• During the Majin Buu Saga, Vegeta lets himself be taken by Babidi's "Majin" spell, having grown frustrated at the constant delays to the fight he was supposed to have with Goku at the Tenkaichi Budokai. Thus he lets Babidi "control him", and then kills half the spectators to force Goku to fight him, demanding he hold nothing back. Goku promises just that and spends the entire battle in Super Saiyan 2, a form previously only used by Gohan. Later on however, Vegeta is dead and Goku needs to stall Majin Buu, and does so by using the Super Saiyan 3 form. Thus when Vegeta is brought back to life and reunites with Goku, he explicitly calls Goku out on this after he promised to fight him at full strength (and Goku should have known that Vegeta would be upset by this, given that he often asks the same thing). The only justification Goku has is that it burns through his ki at a frightening rate (it's only viable when he's dead in Other World) and he might need it later, although this is undermined by his wish to have the next generation (Gohan, Trunks and Goten) be the ones to defeat Buu.
  • My Hero Academia: When Izuku first receives One For All from All Might, his body naturally has a lot of difficulty adjusting to suddenly having a powerful Quirk, leading to him repeatedly breaking his bones while attempting to use it properly. It's eventually revealed that Toshinori, like Izuku, used to be Quirkless as well, and secretly used a variety of support equipment while his body was getting accustomed to it. Naturally, this begs the question of why Toshinori never considered looking into any support equipment for his successor until after Izuku sustained injuries serious enough to risk permanently rendering his arms unusable. This pretty much piles on the fact that Toshinori may not be the best teacher for Deku if he forgot an important detail like that. The story pretty much confirms this, once Gran Torino takes over Deku's training.
  • Naruto:
    • The premise of the series revolves around the fact that the title character, Naruto, is hated and shunned by the rest of Konohagure because they believe him to be the Nine-Tailed Fox that destroyed their village and killed several villages—including the beloved Fourth Hokage. It's revealed that Naruto is not the fox, but an innocent child that was chosen to contain the fox, and also, Naruto is the son of both the beloved Fourth Hokage as well as a member of the esteemed and respected Uzumaki family... who for generations have acted as the vessel for the fox to protect the people. This raises the question of why no one, including members of the Konohagure leadership who should know better, told the people who Naruto's parents were. The reason is Hand Waved as "because the Hokage's enemies would have targeted Naruto", but this still makes little sense because Naruto himself came very close multiple times to going down the same path as many of the series' villains due to the treatment he received. Further, every clan in Naruto has enemies, and if people knew who Naruto was, they would have more inclination to protect him.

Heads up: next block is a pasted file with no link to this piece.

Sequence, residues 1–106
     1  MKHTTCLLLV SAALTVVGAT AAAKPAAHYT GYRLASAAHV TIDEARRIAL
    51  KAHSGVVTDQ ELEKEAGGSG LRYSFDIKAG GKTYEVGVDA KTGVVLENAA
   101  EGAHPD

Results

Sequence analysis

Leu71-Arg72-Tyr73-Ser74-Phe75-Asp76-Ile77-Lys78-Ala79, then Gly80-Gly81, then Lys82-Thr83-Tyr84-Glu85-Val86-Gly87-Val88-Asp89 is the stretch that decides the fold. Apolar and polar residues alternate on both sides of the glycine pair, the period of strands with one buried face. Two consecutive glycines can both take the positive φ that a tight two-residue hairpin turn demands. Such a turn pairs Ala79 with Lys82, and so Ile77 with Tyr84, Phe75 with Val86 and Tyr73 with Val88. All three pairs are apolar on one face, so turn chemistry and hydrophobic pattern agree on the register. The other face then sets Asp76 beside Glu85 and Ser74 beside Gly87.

• When Jiraiya is introduced, he becomes Naruto's mentor after Naruto manages to impress him enough to allow him to learn from him, implying Jiraiya had a vague idea of who Naruto was, but only just met him since he was away from the village for a long time. Later on it turns out Jiraiya not only knew Naruto's parents, but he was Naruto's god father, and knew who Naruto was the whole time. Why he never came back to the village to take care of Naruto after the deaths of his parents, and try to help turn people's perception on Naruto around, is never explained, but it makes the father figure mentor Jiraiya was meant to be for Naruto look completely incomprehensible to anyone with the slightest degree of empathy, since Jiraiya basically abandoned Naruto.
    • Initially, Itachi was stated to have killed his clan because he wanted to test how strong he could become, and only spared Sasuke seemingly to see if Sasuke would become strong enough to fight him, or become just like him. Then after Itachi dies, it's revealed he was Good All Along and had killed their clan because they threatened to stage a coup, and Itachi felt he had no choice but to kill them, and figured Sasuke killing him would make him a hero. The issue is that it makes Itachi's actions make no sense, because him encouraging Sasuke to become stronger through hatred, not just once, but twice, caused Sasuke to leave the village and become obsessed with killing him to the point of teaming up with Orochimaru, who Itachi knew had wanted to Body Surf until he could get an Uchiha body to become unstoppable. If he wanted Sasuke to become stronger while protecting the village, he failed horribly, because this made Sasuke hate the Leaf Village when he found out why Itachi did what he did. Even if he assumed Sasuke would never know, he directly encouraged and caused Sasuke to become a fugitive even before his death, making the supposedly genius Itachi look really dumb because of it.